- By the evening of day 2 I was pretty much done. Day 2 started really good–I didn’t feel as though I needed as much solid food (though I ate some anyway), but by evening I was super dizzy, and my stomach was in total revolt. I tried going to bed but between the loud growling and cramping the only way I could fall asleep was to eat some Mary’s Gone Crackers. Unfortunately, I woke up with the same symptoms, and on Day 3 I had soup and a rice cake for breakfast, and a salad for lunch. The solid food made me feel better, but I was also pretty irritated. Not sure whether that’s because of some release of toxins, or just annoyance over this cleanse not really working for me. Having a flat stomach that hurts like hell totally isn’t worth it in my book!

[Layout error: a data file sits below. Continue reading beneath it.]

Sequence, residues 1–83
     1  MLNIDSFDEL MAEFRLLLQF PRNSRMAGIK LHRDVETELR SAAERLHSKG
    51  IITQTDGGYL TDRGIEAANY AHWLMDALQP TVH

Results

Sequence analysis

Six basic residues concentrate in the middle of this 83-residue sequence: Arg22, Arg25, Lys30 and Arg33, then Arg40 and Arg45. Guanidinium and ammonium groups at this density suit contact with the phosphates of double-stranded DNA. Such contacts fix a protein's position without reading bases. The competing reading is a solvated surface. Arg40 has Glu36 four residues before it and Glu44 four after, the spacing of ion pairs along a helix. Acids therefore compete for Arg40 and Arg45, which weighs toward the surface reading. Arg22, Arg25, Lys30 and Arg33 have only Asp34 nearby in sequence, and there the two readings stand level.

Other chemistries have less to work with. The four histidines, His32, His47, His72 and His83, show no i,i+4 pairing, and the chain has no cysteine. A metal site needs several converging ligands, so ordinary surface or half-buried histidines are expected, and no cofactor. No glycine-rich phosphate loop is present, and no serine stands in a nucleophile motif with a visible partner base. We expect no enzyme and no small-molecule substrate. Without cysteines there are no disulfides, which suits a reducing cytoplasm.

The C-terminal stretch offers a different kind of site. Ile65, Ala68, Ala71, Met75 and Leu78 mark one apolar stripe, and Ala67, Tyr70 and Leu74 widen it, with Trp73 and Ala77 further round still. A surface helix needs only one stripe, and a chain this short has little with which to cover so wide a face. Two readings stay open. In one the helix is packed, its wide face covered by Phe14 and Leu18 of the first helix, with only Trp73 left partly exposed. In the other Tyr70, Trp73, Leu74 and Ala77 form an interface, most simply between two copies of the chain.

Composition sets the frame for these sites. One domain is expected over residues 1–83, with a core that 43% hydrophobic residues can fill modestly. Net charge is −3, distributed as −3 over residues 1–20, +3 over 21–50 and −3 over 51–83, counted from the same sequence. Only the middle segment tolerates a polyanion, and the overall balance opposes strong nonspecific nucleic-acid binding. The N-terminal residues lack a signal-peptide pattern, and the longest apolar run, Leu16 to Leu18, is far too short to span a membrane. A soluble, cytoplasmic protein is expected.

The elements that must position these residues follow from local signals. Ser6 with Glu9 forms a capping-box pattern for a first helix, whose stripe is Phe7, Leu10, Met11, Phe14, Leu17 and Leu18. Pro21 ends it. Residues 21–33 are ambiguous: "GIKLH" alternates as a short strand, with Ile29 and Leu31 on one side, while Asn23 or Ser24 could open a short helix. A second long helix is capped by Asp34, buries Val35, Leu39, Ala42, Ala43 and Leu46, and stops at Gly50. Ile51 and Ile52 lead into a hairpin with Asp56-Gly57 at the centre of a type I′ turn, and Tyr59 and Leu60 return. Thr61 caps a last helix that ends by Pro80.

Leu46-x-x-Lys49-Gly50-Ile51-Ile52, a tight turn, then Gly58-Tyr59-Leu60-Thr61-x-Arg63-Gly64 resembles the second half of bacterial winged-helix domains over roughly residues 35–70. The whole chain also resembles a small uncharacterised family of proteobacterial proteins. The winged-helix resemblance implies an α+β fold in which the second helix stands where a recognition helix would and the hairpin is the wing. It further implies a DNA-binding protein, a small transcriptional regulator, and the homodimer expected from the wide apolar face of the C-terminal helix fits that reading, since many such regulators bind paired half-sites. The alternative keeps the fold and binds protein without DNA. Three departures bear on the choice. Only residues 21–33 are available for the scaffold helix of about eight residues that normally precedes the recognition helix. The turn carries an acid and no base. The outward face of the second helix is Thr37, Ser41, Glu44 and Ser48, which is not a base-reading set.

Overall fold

First off, based on my personal experience I wouldn’t recommend this particular juice cleanse. Of all the cleanses I’ve done, the Buddha cleanse is my absolute favorite. Through it, one is eating solid foods all along (but starting clean and reintroducing certain foods along the way if one likes), so it feels much less disruptive and supportive of long-term healthy eating habits (i.e. ones that don’t zig and zag between deprivation and binging).
However, if you are going to try this particular cleanse or a juice cleanse in general because you’re curious about whether it would work for you, here’s what I’d recommend:
- Find a local supplier of juice. Though most of Organic Avenue’s juices were tasty, dealing with ordering, shipping, storing and trying to understand the smudged expiration dates on lots of perishable (unpasteurized) juice was difficult. During the process we had a few snafus–which they handled quite responsively–but it was a pain nonetheless.